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Icahn Doesn’t Clean Up on Clorox

Iconic investor pulls out -- but don't get low on Clorox yet


So far, it’s been a good year for activist investor Carl Icahn. Of course, when you’re worth $12.5 billion, this usually is the case.

But how good has 2011 been? First of all, Icahn scored a $435 million profit on his stake in Motorola Mobility (NYSE:MMI), which recently was purchased by Google (NASDAQ:GOOG).

Icahn also knows how to protect his downside. To this end, he put short positions on the S&P 500. The result: a $100 million gain.

Great, huh?

Yet despite all the big trades, Icahn is far from perfect. Just take a look at Clorox (NYSE:CLX). He took a 9.4% position in the company then went on the attack, trying to unseat the board. He thought Clorox would be a good buyout candidate for a major player like Procter & Gamble (NYSE:PG), Colgate-Palmolive (NYSE:CL) or Kimberly-Clark (NYSE:KMB).

Unfortunately, the strategy fizzled. Icahn has pulled his slate of directors and will not make a bid for Clorox.

Why? Basically, the company’s shareholders think this is the wrong time to sell. After all, the global economy is slowing down and the financial markets are in disarray.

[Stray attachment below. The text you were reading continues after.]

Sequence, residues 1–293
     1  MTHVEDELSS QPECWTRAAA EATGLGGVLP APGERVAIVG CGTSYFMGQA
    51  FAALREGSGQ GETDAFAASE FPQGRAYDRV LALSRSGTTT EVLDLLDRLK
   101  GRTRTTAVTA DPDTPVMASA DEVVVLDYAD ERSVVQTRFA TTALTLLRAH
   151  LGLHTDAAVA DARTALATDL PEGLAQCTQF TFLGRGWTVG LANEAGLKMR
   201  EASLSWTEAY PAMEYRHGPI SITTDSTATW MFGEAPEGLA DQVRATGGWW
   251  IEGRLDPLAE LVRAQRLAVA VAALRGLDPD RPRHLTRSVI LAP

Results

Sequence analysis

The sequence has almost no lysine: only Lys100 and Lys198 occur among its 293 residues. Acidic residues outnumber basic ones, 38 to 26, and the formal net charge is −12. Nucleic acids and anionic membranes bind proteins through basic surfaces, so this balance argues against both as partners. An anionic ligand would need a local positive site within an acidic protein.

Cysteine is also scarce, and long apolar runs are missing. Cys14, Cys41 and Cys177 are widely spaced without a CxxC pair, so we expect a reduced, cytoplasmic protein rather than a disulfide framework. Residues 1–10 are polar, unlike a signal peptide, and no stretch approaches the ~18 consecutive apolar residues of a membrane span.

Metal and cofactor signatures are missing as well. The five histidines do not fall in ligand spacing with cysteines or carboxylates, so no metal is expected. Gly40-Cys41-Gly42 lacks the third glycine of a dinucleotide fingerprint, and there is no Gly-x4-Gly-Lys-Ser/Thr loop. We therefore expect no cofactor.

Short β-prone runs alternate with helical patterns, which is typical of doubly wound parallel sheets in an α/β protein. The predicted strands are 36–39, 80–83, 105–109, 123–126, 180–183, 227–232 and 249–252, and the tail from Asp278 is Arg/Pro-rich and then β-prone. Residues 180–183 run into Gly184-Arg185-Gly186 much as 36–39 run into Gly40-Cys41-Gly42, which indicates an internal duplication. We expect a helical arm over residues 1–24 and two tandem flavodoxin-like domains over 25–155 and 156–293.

But the decision also points to something else that’s interesting: If Clorox’s investors want to hold on, might this be a bullish sign?

Keep in mind that Icahn was willing to offer as much as $80 per share for the company — and he is not known for paying hefty premiums. The current stock price is only $64.39.

No doubt, Clorox has a tremendous portfolio of brands. Examples include Armor All, Kingsford, Hidden Valley and Glad — all top dogs in or near the top of their market segments. And Clorox has continued to invest in marketing and new innovations, such as organic and natural product offerings.

Clorox’s strong cash flows also allow for a hefty dividend, which currently is at 3.6%. All in all, with the valuation at roughly 16 time earnings, the stock looks attractive for those investors who take a longer-term view on things.

Tom Taulli is the author of “All About Short Selling” and “All About Commodities.” You can also find him at Twitter account @ttaulli. He does not own a position in any of the stocks named here.

Article printed from InvestorPlace Media,

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